Aryan

self-designation used by ancient Indo-Iranian peoples

Aryan or Arya (Indo-Iranian: *arya) was originally an endonym used by the prehistoric Indo-Iranian speakers of the Eurasian Steppe. In the Indian subcontinent, the term appears in the sacred texts of the Vedic practitioners whose ancestors migrated from parts of what is now Iran to the Indus River valley about 1500 BC. In the Avesta scriptures, ancient Iranian peoples similarly used the term Airya.

In the 19th century, Aryan was adopted as a race category by some Western anthropologists and historians, including Arthur de Gobineau, Richard Wagner, and Houston Stewart Chamberlain, and some of their views influenced Nazi racial ideology.

Quotes

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Children of Arya are led by light.
Rigveda, VII, 33, 7
 
For the deed proclaims the hero from the man of spacious lies,
Marks the true and upright Arya from the scheming worldly-wise!
Ramayana, II, 109
  • Children of Arya are led by light.
    • Rigveda, VII, 33, 7, as quoted in N. S. Rajaram, Sarasvati River and the Vedic Civilization (2006), p. 40
  • Armed with the thunderbolt, and confident in his strength, he has gone on destroying the cities of the Dasyus. Thunderer, acknowledging (the praises of thy worshipper), cast, for his sake, thy shaft against the Dasyu, and augment the strength and glory of the A′rya.
  • The lords of men had hastened forth
    From east and west and south and north,
    Áryan and stranger, those who dwell
    In the wild wood and on the fell,
    And as the Gods to Indra, they
    Showed honour to the king that day.
    • Ramayana, II, 3, as translated by Ralph T. H. Griffith (1870–74)
  • For the deed proclaims the hero from the man of spacious lies,
    Marks the true and upright Arya from the scheming worldly-wise!
  • Wretch, thou shall be the king of those whose practices and precepts are impure, amongst whom men of inferior blood procreate children upon women of blue blood, who live on meat, who are mean, who hesitate not to appropriate the wives of their superiors, whose practices are those of birds and beasts, who are sinful, and non-Aryan.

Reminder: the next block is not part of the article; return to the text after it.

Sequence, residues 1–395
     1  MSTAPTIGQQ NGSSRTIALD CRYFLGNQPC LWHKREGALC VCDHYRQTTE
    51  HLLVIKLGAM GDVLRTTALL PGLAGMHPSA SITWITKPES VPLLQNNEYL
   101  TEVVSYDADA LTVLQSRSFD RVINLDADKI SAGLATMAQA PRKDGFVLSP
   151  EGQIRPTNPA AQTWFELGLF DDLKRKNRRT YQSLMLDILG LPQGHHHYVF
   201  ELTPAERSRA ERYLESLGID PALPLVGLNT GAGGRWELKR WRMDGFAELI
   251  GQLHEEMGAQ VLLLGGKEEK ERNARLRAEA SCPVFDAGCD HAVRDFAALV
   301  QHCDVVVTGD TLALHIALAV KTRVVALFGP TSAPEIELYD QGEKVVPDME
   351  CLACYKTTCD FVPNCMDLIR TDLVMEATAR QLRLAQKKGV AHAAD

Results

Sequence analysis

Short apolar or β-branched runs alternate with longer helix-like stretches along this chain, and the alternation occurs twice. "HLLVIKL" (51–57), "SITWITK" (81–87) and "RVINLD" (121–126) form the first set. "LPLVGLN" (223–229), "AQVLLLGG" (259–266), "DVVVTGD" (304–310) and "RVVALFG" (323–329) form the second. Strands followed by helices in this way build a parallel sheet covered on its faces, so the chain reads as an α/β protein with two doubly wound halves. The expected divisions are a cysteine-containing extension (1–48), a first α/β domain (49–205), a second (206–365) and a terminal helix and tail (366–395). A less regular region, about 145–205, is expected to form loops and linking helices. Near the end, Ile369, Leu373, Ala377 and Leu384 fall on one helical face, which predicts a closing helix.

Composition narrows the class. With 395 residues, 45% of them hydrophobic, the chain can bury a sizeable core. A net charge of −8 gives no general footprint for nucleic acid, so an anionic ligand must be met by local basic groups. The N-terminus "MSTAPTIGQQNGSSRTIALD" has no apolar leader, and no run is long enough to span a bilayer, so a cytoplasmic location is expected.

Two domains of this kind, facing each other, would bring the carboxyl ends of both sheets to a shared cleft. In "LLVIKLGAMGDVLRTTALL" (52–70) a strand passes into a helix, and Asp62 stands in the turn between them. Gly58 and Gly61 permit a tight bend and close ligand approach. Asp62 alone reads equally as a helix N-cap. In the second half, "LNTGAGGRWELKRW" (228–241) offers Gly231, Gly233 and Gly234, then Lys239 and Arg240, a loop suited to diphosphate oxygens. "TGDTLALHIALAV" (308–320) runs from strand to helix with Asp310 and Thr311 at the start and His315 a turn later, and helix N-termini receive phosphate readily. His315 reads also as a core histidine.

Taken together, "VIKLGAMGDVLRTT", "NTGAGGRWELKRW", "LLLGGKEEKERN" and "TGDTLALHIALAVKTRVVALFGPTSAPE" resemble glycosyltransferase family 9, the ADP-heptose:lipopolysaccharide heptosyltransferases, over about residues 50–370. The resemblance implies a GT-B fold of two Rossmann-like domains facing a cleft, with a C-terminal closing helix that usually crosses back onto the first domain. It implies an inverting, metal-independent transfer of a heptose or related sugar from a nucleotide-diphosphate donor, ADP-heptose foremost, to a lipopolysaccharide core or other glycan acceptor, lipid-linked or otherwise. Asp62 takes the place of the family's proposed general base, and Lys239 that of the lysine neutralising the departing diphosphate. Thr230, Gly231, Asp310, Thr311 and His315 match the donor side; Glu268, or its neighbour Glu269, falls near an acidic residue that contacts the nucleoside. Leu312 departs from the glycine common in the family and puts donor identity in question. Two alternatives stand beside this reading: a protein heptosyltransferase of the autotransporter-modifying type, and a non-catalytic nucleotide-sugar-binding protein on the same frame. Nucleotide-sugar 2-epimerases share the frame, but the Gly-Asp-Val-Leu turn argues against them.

• He is the Aryan, who is born through prayer.
  • An Arya is one who hails from a noble family, of gentle behavior and demeanor, good-natured and of righteous conduct.
    • From the Amarakosha, a Sanskrit lexicon (c. 450 AD), as quoted in N. S. Rajaram, Sarasvati River and the Vedic Civilization (2006), p. 40
  • Unto her did the Maker Ahura Mazda offer up a sacrifice in the Airyana Vaegah, by the good river Daitya; with the Haoma and meat, with the baresma, with the wisdom of the tongue, with the holy spells, with the speech, with the deeds, with the libations, and with the rightly-spoken words.
    • From the Avesta, as translated by James Darmesteter (1882), who notes: "This is the heavenly prototype of the Mazdean sacrifice as later shown to mankind by Zarathustra."
  • The loom of the fabric of Aryan civilisation is a vast, warm, level country, interspersed with broad, navigable rivers. The cotton of this cloth is composed of highly civilised, semi-civilised, and barbarian tribes, mostly Aryan. Its warp is Varnashramachara, and its woof, the conquest of strife and competition in nature.
    • Swami Vivekananda, "The East and the West" (Translated from Bengali), Complete Works, vol. 5 (7th ed., 1959), p. 536
  • Let the Pundits fight among themselves; it is the Hindus who have all along called themselves Aryas. Whether of pure or mixed blood, the Hindus are Aryas; there it rests. If the Europeans do not like us, Aryas, because we are dark, let them take another name for themselves—what is that to us?
    • Swami Vivekananda, "The East and the West" (Translated from Bengali), Complete Works, vol. 5 (7th ed., 1959), p. 466
  • The object of the peoples of Europe is to exterminate all in order to live themselves. The aim of the Aryans is to raise all up to their own level, nay, even to a higher level than themselves.
    • Swami Vivekananda, "The East and the West" (Translated from Bengali), Complete Works, vol. 5 (7th ed., 1959), p. 537
  • The distinction between Aryan and un-Aryan on which so much has been built seems on the mass of evidence to indicate a cultural rather than a racial difference.
    • Sri Aurobindo, The Secret of the Veda (1971), quoted in E. F. Bryant, The Quest for the Origins of Vedic Culture (Oxford University Press, 2001), ch. 2
  • [T]he Rigveda and Avesta agreed that the essence of their shared parental Indo-Iranian identity was linguistic and ritual, not racial. If a person sacrificed to the right gods in the right way using the correct forms of the traditional hymns and poems, that person was an Aryan.
    • David W. Anthony, The Horse, the Wheel, and Language: How Bronze-Age Riders from the Eurasian Steppes Shaped the Modern World (Princeton University Press, 2007), p. 408
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